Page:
Basically, every meal that you’re eating alone is a missed opportunity to connect to someone.
Myth: Gifts should dazzle
Instead of focusing on the “wow” factor in the moment of exchange, choose a gift that will be useful. Novelty wears off quickly. These gift misfires usually end up in the back of a closet.
Myth: Gifts should surprise
Although you may feel inclined to go the extra mile and get the person something they hadn’t thought of – stop. There’s a reason they made a registry. Thought goes into a wish list. Give the person a vacuum cleaner if they want one, not a gift that you think they might want.
Myth: Gifts should be tangible
While givers typically opt for material gifts like a sweater or an iPad, research shows that the best gifts don’t always require a bow and wrapping paper. Giving experiences like tickets to a concert to see their favorite band perform or a certificate for a nice dinner out will result in more enjoyment later on.
Myth: Gifts should reflect the recipient
If you don’t know the person all that well, resist the temptation to tailor the gift to suit their unique taste. For instance, if your co-worker likes cats and you’re her Secret Santa, giving her a gift card to the local pet store might seem thoughtful to you but it will be less useful to her. Give her an Amex gift card that she can use anywhere instead.
Myth: Gifts should be expensive
In an attempt to show thoughtfulness, givers often choose expensive gifts. In reality, price does not predict how much a recipient will enjoy or use it. Making a photo album, knitting a scarf, or baking a batch of your famous cookies doesn’t cost much but the value is priceless. As the old saying goes, the best gifts come from the heart, not the store.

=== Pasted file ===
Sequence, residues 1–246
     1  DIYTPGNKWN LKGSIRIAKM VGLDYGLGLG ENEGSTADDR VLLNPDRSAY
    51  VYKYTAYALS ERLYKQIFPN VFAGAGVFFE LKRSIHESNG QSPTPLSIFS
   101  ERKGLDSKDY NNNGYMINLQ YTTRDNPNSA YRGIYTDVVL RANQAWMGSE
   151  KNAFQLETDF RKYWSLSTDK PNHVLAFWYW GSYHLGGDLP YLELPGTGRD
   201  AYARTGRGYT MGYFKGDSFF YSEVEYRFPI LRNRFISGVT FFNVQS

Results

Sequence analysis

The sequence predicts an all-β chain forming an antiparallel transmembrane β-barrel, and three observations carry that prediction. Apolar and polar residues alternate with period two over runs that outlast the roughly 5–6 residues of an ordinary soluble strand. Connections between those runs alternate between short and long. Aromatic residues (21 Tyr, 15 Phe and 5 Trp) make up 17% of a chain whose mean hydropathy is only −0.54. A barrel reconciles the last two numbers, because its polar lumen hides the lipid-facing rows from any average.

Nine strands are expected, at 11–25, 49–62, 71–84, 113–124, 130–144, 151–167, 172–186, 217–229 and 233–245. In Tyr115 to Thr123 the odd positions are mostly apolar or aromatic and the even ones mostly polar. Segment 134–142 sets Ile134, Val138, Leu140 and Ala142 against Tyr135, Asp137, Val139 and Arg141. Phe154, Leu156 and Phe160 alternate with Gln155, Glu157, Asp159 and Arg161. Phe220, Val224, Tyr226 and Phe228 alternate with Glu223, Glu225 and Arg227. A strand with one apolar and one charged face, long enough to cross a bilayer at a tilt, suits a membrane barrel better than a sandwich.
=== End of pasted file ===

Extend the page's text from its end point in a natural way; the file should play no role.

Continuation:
1. Give Your Time AwayVolunteer at a soup kitchen. Deliver meals to the homebound. Write a note to a friend or relative expressing how much that person means to you. Doing things for others will make you feel less rushed and serves as a great reminder of what really counts.
2. Get Fresh AirAs tempting as it might be to curl up by the fireplace, spend at least 20 minutes a day outside. It will boost your mood and clear your mind of negative thoughts.
3. Avoid Hot-Button Topics At Family GatheringsSteering clear of heated subjects doesn’t mean you have to talk about the weather. Ask relatives questions about family history or other topics of genuine interest to all of you. You might learn something.
4. Know Your TriggersHoliday stress combined with the increased abundance of calorie-packed treats can lead to unnecessary eating and drinking. Be aware of those situations and your choices. Life isn’t on hold until January 1. Do not use the holidays as an excuse to put health on the back burner.
5. Embody gratitudeTake giving thanks to heart. In addition to counting your blessings, think of gratitude as an action. Contribute to something. Add value. This article originally appeared in Marie Claire
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